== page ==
After a three-year wait for Kimberly Teehee — and a 187-year one for the Cherokee Nation — the U.S. House of Representatives’ Rules Committee on Wednesday will take up the matter of seating a nonvoting delegate of the tribe.
The Cherokee Tribal Council confirmed Teehee in 2019 as the nation’s delegate to Congress as authorized by the 1835 Treaty of New Echota.
A previous agreement predating the U.S. Constitution, the 1785 Treaty of Hopewell, also allowed for the Cherokee Nation to send a “deputy” to Congress under the Articles of Confederation.
“A hearing is what we’ve asked for, but we’ve also asked for a vote this year,” Teehee said by phone from Washington, D.C.
The process, she said, should be fairly straightforward.
“The Treaty of New Echota has been ratified by the Senate and signed by the president,” she said.
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Of course, the president was Andrew Jackson, but the Cherokees say that doesn’t matter.
“It is already the supreme law of the land,” she said. “The treaty … expressly entitles the Cherokee Nation to a delegate in the House of Representatives. So only the House needs to act on a resolution, a straight up-or-down vote.”
The hope is that the hearing will lead to a House resolution and floor vote before Congress adjourns in December.
The Rules Committee hearing will be live-streamed at 9 a.m. Wednesday at rules.house.gov/hearing/cherokee-delegate.
Fourth District Congressman Tom Cole, a Chickasaw citizen, is the committee’s ranking Republican.
“After appointing a delegate to Congress in 2019, and many visits to Congress for outreach and education on our 1835 treaty rights, we are elated that a congressional hearing on our Cherokee Delegate has been set for Wednesday,” Cherokee Principal Chief Chuck Hoskin Jr. said in a written statement.
“Delegate Teehee and I look forward to attending this monumental hearing for all of Indian Country in which we take the step forward in getting Kim Teehee seated and ensuring the United States keeps its word to our tribe.”
Teehee, 54, is a protege of the late Wilma Mankiller and was President Barack Obama’s senior policy adviser for Native American Affairs.
She has worked in and around Congress since 1998. Her first job there was running the bipartisan House Native American Caucus.
“I became known for getting Native American issues across the finish line and working collaboratively with both sides of the aisle and with my Senate counterparts, as well,” Teehee said.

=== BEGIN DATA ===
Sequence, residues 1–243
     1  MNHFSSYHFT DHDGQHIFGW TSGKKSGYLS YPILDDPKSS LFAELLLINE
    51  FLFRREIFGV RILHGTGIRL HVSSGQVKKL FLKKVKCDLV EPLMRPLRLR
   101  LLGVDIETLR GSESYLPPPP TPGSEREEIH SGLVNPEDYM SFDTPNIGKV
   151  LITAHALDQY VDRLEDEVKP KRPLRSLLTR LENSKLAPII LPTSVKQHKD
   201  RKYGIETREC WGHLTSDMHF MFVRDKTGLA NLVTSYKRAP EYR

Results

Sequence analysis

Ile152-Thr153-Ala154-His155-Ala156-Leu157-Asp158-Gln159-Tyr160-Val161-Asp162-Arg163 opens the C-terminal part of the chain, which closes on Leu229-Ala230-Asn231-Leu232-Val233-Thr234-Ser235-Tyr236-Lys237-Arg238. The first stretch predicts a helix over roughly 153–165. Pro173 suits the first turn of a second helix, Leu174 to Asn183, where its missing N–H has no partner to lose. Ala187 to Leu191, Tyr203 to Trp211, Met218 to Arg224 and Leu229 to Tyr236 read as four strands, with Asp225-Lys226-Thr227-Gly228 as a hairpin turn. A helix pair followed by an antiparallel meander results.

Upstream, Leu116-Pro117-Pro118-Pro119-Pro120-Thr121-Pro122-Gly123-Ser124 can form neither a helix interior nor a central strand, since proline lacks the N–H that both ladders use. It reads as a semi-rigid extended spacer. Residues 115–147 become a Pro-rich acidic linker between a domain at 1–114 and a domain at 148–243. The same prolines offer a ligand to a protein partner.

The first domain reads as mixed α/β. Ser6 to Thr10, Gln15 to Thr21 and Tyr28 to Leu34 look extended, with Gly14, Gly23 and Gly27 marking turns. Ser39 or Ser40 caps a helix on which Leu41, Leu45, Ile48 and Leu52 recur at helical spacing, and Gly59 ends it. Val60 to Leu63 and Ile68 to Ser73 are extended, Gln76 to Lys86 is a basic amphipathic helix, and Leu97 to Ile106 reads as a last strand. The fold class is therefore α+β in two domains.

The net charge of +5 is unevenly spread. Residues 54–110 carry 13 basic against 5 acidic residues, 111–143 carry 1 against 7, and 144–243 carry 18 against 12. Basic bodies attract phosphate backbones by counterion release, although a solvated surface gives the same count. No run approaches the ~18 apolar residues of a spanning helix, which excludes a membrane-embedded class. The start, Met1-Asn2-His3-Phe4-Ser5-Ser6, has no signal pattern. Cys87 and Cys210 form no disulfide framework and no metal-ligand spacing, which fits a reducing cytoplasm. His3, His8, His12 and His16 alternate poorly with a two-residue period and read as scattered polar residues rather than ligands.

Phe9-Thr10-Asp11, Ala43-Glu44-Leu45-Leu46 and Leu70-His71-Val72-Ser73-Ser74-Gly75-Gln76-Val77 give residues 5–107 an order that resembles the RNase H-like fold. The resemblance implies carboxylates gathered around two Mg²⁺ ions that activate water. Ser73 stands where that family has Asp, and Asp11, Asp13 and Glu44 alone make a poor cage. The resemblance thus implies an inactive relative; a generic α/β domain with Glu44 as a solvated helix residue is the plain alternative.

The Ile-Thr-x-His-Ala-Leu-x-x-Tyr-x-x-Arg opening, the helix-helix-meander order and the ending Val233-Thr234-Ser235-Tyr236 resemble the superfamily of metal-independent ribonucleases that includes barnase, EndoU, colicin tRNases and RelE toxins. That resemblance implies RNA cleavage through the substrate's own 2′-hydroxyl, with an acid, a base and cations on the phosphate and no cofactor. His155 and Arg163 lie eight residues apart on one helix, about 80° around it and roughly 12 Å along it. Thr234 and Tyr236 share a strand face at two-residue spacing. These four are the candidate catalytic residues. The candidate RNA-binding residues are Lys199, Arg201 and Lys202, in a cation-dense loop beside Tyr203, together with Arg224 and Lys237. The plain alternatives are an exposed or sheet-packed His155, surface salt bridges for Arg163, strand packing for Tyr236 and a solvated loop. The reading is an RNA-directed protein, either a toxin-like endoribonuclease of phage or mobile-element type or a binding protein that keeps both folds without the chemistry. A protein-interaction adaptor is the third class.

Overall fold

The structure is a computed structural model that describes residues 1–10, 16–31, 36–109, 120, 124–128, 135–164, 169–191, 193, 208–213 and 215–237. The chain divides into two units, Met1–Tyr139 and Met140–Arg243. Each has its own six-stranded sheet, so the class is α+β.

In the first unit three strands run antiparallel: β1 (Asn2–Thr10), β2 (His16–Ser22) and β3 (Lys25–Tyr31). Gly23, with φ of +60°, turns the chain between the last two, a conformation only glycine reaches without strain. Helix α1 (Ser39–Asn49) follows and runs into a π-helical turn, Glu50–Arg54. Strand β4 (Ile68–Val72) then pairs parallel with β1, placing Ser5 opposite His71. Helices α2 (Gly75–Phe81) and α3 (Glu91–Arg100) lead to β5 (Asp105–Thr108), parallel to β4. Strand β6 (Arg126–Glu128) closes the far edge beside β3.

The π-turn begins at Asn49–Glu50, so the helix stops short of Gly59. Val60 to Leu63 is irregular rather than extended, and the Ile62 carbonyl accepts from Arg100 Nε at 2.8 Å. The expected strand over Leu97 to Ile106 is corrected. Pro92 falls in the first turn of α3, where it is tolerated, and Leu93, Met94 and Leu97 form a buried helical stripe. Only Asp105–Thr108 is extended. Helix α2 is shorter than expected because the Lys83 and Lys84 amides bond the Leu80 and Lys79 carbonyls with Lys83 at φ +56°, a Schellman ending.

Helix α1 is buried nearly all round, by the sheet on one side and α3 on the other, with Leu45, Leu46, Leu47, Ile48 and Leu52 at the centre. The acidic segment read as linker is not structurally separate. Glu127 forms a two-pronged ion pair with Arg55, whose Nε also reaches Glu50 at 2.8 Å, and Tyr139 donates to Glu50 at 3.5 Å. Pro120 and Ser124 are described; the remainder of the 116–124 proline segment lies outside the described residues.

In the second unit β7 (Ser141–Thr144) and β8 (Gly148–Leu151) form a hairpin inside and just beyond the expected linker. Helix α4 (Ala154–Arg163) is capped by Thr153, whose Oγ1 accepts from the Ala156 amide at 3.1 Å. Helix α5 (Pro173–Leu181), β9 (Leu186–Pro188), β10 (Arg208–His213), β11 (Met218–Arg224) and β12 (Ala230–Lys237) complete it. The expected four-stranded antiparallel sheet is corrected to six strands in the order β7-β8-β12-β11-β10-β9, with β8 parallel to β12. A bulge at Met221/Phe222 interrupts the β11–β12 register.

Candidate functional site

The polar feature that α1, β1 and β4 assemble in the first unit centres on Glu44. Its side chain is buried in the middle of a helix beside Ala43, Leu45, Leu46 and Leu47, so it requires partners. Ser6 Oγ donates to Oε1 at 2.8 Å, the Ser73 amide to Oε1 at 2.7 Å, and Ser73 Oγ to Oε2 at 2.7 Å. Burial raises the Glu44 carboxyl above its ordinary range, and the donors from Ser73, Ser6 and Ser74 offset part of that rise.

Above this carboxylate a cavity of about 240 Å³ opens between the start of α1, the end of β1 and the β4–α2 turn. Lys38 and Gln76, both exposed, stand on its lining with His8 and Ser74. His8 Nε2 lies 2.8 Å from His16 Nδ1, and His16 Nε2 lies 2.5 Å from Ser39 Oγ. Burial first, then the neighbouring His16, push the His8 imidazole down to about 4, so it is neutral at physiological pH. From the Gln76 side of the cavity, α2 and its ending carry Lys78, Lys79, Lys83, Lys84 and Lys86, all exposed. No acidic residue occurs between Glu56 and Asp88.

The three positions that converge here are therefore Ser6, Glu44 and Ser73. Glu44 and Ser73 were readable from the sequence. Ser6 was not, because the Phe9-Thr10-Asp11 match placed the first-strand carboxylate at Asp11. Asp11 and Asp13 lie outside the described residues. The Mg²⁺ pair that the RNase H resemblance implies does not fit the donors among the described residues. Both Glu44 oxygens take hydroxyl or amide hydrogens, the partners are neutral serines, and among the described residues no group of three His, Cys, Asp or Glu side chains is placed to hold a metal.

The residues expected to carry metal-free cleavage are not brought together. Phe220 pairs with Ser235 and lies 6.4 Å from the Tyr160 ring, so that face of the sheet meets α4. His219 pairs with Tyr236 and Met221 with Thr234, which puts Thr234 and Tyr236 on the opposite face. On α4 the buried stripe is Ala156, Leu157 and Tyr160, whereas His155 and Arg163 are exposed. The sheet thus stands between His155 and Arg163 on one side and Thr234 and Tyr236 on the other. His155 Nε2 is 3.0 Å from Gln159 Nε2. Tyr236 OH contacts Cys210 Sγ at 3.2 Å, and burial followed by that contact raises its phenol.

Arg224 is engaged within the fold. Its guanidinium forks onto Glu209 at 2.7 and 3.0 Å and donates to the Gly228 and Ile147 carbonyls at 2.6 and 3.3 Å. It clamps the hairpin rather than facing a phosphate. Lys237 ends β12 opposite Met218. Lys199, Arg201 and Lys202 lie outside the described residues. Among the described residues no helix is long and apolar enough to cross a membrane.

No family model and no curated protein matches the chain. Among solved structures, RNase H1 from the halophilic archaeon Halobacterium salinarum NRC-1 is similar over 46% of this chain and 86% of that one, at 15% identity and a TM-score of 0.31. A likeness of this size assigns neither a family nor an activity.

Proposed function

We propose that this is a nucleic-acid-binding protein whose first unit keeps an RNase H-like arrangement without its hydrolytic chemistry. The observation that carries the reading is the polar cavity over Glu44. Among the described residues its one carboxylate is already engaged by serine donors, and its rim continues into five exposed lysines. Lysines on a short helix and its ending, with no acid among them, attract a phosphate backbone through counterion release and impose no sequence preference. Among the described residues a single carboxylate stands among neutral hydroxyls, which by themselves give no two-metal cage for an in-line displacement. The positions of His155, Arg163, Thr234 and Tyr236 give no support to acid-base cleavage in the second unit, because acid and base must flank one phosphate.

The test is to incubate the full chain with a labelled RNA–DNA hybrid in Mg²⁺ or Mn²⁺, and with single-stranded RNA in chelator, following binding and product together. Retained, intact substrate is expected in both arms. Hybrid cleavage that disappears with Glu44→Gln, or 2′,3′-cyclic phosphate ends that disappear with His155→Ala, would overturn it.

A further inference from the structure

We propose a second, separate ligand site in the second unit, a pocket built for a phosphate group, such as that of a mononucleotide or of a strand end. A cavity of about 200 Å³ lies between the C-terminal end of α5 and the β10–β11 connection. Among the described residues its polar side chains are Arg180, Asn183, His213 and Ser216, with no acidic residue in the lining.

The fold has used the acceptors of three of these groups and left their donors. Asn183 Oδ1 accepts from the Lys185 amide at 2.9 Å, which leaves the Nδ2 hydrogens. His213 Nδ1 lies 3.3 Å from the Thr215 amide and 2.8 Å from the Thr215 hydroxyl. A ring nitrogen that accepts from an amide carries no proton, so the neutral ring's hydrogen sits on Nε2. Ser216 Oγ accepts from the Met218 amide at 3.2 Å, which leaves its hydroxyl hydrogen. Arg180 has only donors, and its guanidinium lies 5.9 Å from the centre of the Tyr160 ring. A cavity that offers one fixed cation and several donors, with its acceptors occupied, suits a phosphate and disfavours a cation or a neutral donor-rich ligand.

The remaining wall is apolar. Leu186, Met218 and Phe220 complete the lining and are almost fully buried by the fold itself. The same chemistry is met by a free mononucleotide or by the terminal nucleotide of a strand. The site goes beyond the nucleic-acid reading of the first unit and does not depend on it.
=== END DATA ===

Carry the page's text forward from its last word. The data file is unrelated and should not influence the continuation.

She said she and the Cherokee Nation have spent the past three years building support both in Washington and from native governments. So far, she said, the response has been positive.
“I’m not so naive as to say concerns won’t come out of the woodwork, but they have not been expressed to us,” Teehee said. “What we have gotten, and fairly so, are questions that are complicated.”
An obvious question is why the treaty provision for a Cherokee delegate has never been implemented.
Teehee said a lot has happened since 1835, beginning with the tribe’s forced removal from the southeastern United States and continuing right up through the COVID-19 pandemic of the past three years.
Other treaties and laws have been signed during those intervening years, including the 1898 Curtis Act and the 1906 Oklahoma Enabling Act. Both weakened the state’s tribal governments to the point of extinguishment until policy changes beginning in the 1970s led to a slow revival.
“It took years to rebuild the (Cherokee) nation,” Teehee said.
As a delegate, Teehee would be a nonvoting member of the House. The same is true of delegates from the District of Columbia and territories such as Puerto Rico, Guam and the Virgin Islands.
But having a delegate there would allow for more direct input into the legislative process.
“It would allow the Cherokee Nation to have a seat at the table when formulating laws that impact us,” Teehee said. “But not just us. It’s a seat at the table for other tribes; after all, we have similar issues. As a result of that, we’ve received widespread support from tribes across the country.”
Beyond that, Teehee said, acknowledging the treaty provision after all these years “shows the United States keeps it word. And beyond that, probably more importantly, it would give some small measure of justice.”